This star could become one of the strongest magnets in the universe

This star could become one of the strongest magnets in the universe

This artist’s impression shows a highly unusual star destined to become one of the most magnetic objects in the Universe: a variant of a neutron star known as a magnetar. It will explode as a supernova, the core will contract, and concentrate the star’s already daunting magnetic field lines to create the magnetar. Courtesy NOIRLAB

Imagine a star that is alive and has a magnetic field at least 100,000 times stronger than the one found on Earth. The peculiar stellar object HD 45166 is that. It has a staggering 43,000 Gauss field. As a result, it is a giant magnetic helium star, a brand-new class of object. It will turn into a “magnetar” sort of neutron star when it collapses in a million years, which will make it even odd.

Astronomer Tomer Shenar of the University of Amsterdam claims that HD 45166 offers hints about the origin of magnetars. He is the leader of a group examining this unusual thing. They have discovered that this item is not a typical huge star. Instead, they believe it to be the remnants of two lower-mass helium stars merging.

“Some of their mass was lost during the merging process,” he wrote in an email. The end outcome is a highly magnetized helium star that resembles the core of a star that was once eight times as big as the Sun and was therefore massive enough to explode as a supernova and collapse into a neutron star.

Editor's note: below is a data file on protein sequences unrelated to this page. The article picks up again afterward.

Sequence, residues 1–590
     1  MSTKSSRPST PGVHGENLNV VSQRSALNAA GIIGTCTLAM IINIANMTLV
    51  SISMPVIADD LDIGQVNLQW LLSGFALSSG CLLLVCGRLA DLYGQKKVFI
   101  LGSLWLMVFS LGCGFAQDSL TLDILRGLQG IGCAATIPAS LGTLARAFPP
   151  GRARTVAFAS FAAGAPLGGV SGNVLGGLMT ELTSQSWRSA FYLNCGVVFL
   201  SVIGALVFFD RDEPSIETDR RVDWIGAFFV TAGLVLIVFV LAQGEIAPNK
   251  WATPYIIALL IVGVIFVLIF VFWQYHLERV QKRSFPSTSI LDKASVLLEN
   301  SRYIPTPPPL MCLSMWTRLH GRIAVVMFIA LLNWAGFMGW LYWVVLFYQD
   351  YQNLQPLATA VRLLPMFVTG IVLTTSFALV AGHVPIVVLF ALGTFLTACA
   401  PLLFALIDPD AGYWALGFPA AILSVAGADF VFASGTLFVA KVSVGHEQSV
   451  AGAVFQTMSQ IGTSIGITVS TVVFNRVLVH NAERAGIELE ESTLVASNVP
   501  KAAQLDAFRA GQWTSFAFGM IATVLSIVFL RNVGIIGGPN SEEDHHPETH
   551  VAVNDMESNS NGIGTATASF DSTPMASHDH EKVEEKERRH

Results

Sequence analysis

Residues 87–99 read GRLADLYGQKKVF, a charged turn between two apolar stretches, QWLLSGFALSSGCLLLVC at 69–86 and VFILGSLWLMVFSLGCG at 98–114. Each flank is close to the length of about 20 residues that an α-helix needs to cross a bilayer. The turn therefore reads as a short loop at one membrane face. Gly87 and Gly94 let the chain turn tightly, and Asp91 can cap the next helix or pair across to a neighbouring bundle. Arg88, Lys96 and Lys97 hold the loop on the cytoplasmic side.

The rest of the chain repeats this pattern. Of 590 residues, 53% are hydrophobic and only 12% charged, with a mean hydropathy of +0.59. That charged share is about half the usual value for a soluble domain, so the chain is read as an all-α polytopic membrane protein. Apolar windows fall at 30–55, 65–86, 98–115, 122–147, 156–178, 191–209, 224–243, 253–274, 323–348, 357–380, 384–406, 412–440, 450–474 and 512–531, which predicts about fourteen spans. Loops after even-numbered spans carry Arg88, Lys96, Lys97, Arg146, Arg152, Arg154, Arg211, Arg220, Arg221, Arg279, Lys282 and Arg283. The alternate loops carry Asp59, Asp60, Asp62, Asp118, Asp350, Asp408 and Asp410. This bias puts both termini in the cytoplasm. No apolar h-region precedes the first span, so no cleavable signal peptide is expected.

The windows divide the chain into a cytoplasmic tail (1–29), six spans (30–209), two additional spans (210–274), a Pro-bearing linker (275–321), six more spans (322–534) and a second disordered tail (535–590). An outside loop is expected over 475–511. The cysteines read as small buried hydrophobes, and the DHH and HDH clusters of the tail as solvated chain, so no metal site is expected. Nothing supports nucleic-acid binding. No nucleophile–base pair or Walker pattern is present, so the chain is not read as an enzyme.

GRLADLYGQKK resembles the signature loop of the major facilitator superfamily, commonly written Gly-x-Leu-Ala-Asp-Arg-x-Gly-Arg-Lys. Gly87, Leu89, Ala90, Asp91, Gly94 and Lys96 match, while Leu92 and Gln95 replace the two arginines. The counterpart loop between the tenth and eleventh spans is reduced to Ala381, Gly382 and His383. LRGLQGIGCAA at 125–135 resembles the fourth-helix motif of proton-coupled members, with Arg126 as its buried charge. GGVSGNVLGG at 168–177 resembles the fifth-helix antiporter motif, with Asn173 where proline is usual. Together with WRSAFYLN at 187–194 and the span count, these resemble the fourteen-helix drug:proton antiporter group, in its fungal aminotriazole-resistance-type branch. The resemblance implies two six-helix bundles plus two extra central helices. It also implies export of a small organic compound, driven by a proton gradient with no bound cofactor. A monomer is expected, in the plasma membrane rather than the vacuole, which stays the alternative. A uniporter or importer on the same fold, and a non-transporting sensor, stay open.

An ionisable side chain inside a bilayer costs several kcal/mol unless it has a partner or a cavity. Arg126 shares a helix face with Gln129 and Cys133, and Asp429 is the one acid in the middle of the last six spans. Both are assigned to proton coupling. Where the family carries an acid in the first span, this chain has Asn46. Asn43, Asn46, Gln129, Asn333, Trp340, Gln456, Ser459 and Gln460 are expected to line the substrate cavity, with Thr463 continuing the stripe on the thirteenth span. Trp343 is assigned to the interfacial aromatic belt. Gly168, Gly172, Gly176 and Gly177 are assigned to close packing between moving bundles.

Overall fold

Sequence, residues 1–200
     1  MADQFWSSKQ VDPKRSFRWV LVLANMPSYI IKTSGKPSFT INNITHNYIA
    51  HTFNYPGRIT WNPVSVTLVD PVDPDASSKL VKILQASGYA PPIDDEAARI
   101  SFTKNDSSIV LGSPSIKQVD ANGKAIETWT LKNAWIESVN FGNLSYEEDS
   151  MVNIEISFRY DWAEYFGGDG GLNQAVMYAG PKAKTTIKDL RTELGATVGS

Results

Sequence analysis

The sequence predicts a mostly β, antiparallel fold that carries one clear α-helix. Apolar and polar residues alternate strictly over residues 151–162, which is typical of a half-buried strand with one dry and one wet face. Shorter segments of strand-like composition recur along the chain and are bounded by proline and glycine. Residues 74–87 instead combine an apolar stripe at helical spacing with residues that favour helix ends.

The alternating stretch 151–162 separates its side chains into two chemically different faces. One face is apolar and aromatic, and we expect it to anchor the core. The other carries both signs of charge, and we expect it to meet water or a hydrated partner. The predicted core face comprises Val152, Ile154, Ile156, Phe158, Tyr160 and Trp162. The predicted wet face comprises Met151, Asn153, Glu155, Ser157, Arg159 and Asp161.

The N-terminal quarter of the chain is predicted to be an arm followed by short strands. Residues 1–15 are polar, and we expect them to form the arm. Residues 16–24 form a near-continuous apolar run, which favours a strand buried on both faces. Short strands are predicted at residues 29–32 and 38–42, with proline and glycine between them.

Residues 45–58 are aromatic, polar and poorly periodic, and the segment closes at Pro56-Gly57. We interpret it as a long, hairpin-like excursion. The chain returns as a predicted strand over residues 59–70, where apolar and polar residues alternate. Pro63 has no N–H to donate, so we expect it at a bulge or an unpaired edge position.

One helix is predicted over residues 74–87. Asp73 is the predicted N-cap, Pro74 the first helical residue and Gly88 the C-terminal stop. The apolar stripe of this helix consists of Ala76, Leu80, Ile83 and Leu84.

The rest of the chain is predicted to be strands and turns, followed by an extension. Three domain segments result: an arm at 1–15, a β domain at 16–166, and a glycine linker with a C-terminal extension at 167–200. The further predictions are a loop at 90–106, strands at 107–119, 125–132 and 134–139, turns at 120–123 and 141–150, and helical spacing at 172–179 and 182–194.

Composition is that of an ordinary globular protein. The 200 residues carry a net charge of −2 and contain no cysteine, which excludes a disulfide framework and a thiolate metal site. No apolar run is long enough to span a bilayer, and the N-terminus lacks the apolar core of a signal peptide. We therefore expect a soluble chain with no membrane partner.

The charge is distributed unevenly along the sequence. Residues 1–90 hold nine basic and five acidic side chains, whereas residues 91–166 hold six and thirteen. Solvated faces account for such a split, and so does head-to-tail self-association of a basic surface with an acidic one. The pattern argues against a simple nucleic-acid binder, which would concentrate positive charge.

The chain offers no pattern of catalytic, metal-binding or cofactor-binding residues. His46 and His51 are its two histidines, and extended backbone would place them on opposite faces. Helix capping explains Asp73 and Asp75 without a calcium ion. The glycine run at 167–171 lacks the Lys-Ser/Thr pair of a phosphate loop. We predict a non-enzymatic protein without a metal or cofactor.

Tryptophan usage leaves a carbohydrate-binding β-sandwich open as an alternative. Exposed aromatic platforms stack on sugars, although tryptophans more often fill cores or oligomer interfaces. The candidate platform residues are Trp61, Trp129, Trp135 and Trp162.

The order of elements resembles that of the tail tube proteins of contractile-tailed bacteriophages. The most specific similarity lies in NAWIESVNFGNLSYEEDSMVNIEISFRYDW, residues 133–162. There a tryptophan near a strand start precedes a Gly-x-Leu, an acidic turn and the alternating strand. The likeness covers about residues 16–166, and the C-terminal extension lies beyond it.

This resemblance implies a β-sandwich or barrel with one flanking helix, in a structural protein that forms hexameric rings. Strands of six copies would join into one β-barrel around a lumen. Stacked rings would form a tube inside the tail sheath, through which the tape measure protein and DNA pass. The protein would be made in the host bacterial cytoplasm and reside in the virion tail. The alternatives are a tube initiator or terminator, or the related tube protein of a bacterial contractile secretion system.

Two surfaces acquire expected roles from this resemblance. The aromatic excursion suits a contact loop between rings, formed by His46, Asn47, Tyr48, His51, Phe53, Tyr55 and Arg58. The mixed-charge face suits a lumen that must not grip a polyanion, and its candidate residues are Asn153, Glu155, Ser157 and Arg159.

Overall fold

A highly evolved Wolf-Rayet star is the freshly produced helium object. There are still certain modifications that must be made before it can become a magnetar. Models of the development of the star predict that it will eventually erupt as a supernova of class Ib or IIb. The already powerful magnetic field will intensify as it disintegrates under the weight of itself. The object will eventually collapse into a very small core with a magnetic field of approximately 100 trillion Gauss. That would make it a magnetar, one of the strongest sorts of magnets known to exist.

Studying the Progenitor for Clues

The Wolf-Rayet star is one of a stellar pair that makes up HD 45166. Over a century of observation by astronomers failed to explain its peculiar properties. Shenar and her study partner Julia Bodensteiner (of Katholieke Universiteit in the Netherlands) made the decision to investigate the peculiarities of it in greater detail. Shenar, who has investigated other helium-rich stars, admitted that “this star kind of became an obsession of mine.” He started to consider whether the knowledge he and others had about this object might be explained by a powerful magnetic field.

In all of the universe’s events and things, magnetic fields are significant. They undoubtedly have an impact on behavior all throughout a star’s life. Therefore, when faced with a celestial enigma, it is not strange to take magnetic fields into consideration. Shenar recalled, “I remember having a Eureka moment while reading the literature: ‘What if the star is magnetic?'”